However, most organizations are still hesitant to reveal the details to their employees. Just over a third of all organizations (36 percent) report that they share pay ranges with their employees for their position. Additionally, 38 percent of employers report that their employees know where they fall within the range. Just 32 percent share market data with their employees when giving rationale for a raise.

What Organizations Share With Employees and Job Candidates

Pay transparency statistics CBPR

Many Organizations Are Challenged In Their Quest to Develop a Strong Pay Brand

Your pay brand is what employees and candidates believe to be true about your organization’s pay practices. It’s shaped by what employees say to others about your compensation practices and their experience of working at your organization. Our research shows that organizations with a strong pay brand have more satisfied employees and smaller gaps in perception between employees and management when it comes to key workplace issues.

How Organizations Rate Their Own Pay Brand

Pay brand ratings CBPR

In order to develop a strong pay brand, you’ll want to have a clear compensation philosophy that outlines what you pay, how you pay and why you pay the way you do. It’s also about being strategic in how you communicate pay decisions with employees. When employees understand how pay decisions are made, they’re more likely to believe they’re fairly paid and stay engaged.

This year, we find that most organizations are still grappling with how to develop a strong pay brand. Forty percent of all organizations like the pay brand they have; a slightly larger group (41 percent) say their pay brand is neither good nor bad; 19 percent deem their pay brand to be bad or very bad among their own employees.

When we asked respondents to describe their pay brand, many answers reflected a desire for improvement. For example, some mentioned they don’t have a pay brand yet. Some emphasized a desire to improve pay transparency, others commented that their pay brand is inconsistent among different business units. Still, others talked about the difficulties of getting management buy-in to change their pay practices.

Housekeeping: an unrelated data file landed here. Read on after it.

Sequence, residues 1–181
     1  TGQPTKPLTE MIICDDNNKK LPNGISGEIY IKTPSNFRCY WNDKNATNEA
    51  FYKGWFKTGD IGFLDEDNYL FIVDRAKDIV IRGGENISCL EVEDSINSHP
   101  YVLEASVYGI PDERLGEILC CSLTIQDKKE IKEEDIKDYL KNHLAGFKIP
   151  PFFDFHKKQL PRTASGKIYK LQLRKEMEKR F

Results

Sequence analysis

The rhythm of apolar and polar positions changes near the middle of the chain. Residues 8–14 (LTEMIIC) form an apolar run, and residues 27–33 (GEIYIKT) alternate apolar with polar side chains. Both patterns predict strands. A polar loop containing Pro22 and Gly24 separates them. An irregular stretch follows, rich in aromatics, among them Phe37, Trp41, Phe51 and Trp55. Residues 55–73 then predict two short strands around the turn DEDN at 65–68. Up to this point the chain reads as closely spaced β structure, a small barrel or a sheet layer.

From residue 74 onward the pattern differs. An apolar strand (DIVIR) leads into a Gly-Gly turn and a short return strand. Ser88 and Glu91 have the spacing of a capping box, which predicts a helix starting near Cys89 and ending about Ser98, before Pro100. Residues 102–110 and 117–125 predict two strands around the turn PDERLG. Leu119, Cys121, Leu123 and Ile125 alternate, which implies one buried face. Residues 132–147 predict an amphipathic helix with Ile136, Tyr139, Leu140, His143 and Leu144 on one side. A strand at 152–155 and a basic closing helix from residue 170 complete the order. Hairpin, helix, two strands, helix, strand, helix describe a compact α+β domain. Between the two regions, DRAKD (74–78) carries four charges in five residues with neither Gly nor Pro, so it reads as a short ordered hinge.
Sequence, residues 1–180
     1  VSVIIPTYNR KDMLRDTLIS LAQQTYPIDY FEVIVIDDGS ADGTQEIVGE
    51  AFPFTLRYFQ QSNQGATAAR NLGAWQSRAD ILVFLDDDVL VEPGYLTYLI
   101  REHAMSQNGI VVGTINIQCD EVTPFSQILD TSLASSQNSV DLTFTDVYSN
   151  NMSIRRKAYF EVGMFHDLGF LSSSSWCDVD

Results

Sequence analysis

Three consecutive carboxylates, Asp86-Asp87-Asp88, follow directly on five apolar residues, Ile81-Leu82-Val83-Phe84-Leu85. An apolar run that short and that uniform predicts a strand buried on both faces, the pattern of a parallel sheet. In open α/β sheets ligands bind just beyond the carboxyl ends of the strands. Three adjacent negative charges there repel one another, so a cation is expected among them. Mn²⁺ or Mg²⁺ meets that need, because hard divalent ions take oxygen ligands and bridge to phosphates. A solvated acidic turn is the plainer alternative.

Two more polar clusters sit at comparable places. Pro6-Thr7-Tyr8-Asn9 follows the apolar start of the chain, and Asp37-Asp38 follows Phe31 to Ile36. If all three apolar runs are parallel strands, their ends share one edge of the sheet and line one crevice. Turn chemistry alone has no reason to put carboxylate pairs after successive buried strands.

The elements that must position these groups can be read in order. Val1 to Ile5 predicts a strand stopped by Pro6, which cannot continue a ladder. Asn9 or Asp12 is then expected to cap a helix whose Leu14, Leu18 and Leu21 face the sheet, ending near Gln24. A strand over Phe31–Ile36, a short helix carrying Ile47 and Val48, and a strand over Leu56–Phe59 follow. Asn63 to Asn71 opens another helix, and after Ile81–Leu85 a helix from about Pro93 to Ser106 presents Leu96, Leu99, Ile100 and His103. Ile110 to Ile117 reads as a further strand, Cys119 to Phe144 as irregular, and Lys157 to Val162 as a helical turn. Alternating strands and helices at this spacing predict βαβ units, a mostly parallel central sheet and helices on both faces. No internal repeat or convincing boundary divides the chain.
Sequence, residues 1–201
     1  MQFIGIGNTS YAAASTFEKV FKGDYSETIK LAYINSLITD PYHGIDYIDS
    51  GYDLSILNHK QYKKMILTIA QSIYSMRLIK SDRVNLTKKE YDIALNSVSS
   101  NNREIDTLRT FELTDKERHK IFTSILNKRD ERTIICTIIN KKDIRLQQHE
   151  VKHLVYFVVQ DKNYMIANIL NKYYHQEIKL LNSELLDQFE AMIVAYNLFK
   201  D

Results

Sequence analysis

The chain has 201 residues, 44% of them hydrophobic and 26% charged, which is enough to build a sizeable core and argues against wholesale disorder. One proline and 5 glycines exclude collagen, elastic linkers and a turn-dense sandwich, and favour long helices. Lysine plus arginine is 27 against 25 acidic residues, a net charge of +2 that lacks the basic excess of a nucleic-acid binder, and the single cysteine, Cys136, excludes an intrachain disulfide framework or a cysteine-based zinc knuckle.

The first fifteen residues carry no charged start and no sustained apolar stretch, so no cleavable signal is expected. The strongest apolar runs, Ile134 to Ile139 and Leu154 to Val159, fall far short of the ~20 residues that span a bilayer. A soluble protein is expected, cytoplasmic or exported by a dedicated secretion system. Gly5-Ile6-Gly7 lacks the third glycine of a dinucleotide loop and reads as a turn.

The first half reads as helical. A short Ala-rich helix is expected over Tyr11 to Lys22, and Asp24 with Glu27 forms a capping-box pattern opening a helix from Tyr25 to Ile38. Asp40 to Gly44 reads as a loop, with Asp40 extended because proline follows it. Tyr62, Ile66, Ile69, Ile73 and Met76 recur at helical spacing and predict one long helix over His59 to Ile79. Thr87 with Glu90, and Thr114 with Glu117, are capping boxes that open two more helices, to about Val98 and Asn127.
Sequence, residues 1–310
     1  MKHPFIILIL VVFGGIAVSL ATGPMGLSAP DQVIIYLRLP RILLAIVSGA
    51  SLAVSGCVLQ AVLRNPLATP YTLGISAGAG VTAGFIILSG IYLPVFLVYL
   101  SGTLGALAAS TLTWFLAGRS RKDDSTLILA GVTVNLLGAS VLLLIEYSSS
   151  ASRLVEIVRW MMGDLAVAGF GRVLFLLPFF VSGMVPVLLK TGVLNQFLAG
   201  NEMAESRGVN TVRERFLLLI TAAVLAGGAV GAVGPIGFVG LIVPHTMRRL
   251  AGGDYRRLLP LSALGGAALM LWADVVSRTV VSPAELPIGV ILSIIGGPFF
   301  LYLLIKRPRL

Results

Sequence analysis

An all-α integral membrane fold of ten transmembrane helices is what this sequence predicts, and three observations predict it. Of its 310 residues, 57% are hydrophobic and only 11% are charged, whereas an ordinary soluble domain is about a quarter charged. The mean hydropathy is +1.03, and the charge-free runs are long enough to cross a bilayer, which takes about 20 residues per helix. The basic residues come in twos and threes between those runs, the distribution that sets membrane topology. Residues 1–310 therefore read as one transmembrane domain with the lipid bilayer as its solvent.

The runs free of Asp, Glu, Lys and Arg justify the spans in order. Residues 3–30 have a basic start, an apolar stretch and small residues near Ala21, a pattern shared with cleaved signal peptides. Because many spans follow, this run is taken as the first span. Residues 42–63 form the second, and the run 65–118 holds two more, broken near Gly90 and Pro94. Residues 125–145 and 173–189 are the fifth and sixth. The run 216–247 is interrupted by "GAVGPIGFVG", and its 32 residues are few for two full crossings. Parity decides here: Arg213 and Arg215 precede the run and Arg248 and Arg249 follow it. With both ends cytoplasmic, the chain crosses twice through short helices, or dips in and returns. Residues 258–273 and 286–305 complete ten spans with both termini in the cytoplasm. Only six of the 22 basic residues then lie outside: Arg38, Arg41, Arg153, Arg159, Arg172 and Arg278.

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2019 CBPR Report

The 2019 Compensation Best Practices Survey gathered responses during November and December 2018. There were 7,030 respondents included in this survey.

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Survey Methodology

The 2019 Compensation Best Practices Survey gathered responses during November and December 2018. There were 7,030 respondents.

Top-Performing Organizations

Top-performing organizations are defined as those who are number one in their industry and exceed their revenue goals in 2018. Twenty-three percent of respondents fit these criteria.


Respondents spanned the globe, including 5433 respondents in the United States and 584 respondents in Canada. Organizations with both single and multiple locations were represented.

Organization Size

We defined four organizational sizes for comparison as follows: Small (1-99 employees), Mid (100-747 employees), Large (750-4,999 employees) and Enterprise (5,000 or more employees). Under half of the respondents reflect small organizations; around 1400 respondents come from organizations large and enterprise organizations.

Industry and Org Type

As in prior years, the top industries represented in the survey were technology, Healthcare, Manufacturing and Nonprofit. In terms of organization type, most respondents were either from a public company, a private company or a nonprofit (86 percent), but we also have respondents from government, schools, higher ed, hospitals, cooperatives and trade associations.

Job Level

Most respondents identified at the Manager level (33 percent). 25 percent identified as Individual Contributors, 23 percent identified as Directors, and 20 percent identified as Vice Presidents of C-level executives.